The Swiss National Bank is the constitutionally created central bank of Switzerland. In an effort to control economic growth and ward off inflation, the Swiss National Bank (SNB) can alter monetary availability and fiscal policies. Its stated mission is to maintain price stability and increase opportunities for economic growth.
An independent company, the Swiss National Bank was created in 1906-1907 by a provision of the Swiss constitution. Though a publicly owned company, the largest shareholders tend to be other banks, who naturally share an interest in economic policy. Two-thirds of all profits made by the SNB are given to the local governments of the Swiss regions, while about 6% is distributed to shareholders. The bank is run from two major offices in Berne and Zurich, with many additional regional offices throughout Switzerland. Generally, the board of directors for the SNB consists of three high-level members of the two main branches of the bank.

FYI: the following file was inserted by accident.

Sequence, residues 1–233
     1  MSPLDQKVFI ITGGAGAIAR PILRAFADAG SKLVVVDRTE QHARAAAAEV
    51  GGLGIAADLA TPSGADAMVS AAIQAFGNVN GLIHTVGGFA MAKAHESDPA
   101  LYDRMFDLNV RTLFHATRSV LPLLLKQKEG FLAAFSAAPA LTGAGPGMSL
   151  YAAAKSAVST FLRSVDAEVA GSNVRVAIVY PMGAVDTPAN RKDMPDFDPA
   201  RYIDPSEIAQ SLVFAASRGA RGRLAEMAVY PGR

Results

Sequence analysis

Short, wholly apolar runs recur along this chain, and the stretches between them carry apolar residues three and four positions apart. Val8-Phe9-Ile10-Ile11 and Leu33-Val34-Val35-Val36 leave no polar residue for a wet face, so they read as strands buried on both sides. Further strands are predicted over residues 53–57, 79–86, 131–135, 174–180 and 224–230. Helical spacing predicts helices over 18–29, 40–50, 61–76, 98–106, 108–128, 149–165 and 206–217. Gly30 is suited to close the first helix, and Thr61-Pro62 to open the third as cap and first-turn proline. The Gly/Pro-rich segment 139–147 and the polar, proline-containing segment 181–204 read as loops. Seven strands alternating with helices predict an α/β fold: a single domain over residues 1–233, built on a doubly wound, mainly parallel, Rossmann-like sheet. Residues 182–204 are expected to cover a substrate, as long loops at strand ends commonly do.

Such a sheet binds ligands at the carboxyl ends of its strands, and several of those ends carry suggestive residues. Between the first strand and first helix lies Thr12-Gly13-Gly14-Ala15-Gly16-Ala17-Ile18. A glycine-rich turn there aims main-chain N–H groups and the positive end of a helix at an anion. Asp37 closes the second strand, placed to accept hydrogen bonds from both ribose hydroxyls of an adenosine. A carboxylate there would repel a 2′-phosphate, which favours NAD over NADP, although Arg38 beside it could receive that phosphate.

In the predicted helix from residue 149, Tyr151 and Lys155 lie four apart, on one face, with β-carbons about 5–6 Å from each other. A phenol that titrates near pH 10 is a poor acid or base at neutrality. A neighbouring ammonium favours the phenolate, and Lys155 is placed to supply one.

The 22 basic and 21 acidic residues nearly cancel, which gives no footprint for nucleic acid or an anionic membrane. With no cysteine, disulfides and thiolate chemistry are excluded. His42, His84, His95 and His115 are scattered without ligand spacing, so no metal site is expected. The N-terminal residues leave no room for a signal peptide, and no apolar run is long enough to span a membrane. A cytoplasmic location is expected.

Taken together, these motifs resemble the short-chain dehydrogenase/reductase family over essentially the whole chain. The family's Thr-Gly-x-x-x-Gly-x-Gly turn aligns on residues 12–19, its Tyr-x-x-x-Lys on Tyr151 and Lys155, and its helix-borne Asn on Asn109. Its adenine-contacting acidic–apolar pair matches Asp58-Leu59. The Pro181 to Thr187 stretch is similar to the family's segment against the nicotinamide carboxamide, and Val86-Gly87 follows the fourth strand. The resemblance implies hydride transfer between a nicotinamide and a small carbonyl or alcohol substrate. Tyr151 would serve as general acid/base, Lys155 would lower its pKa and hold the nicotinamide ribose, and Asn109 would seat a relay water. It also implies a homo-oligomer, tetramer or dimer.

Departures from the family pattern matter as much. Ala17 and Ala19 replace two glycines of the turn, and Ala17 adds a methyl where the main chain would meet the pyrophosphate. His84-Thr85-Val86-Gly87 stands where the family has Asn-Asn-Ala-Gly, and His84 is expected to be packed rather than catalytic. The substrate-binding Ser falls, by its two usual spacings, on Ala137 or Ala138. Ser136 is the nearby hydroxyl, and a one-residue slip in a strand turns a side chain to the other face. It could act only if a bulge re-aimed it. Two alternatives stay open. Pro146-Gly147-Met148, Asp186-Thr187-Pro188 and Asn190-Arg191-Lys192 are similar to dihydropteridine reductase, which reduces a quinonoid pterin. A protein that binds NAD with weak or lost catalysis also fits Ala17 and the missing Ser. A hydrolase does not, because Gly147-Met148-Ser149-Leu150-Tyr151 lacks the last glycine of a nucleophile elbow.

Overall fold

The general goal of the SNB is to keep constant watch and check on the economy. Like a leash on a dog, the Swiss National bank aims to keep the economy from running away with inflation. The basic function of the SNB is to set reasonable price-stability goals, adjust the money supply accordingly, then record economic data for a period until a new goal can be set or adjusted. In addition to the expansion or contraction of money supply, the SNB can also influence the economy through interest rate changes and mandating bank reserves.
Despite the country's relatively small size, Switzerland possesses one of the largest reserves of gold bullion on Earth. These reserves have long been in the control of the SNB, which maintains a great deal of secrecy regarding the gold. Until the late 20th century, the Swiss National Bank generally kept gold reserves safely locked away, but some modern policy shifts have lead to the liquidation of extensive amounts of the vast gold reserves.
Though touted as one of the most stable banks in history, the Swiss National Bank has not always remained free from controversy. During World War II, Swiss neutrality in the war effort meant that the bank continued to deal with Nazi accounts. According to an SNB statement in 1998, the bank admitted receiving over $400 million USD in gold from Nazi sources during the war, at least $300 million USD of which was from looted countries. Since Nazis used the looted money to finance their continuing war efforts, this revelation has blackened the neutral reputation of Switzerland in some people's minds.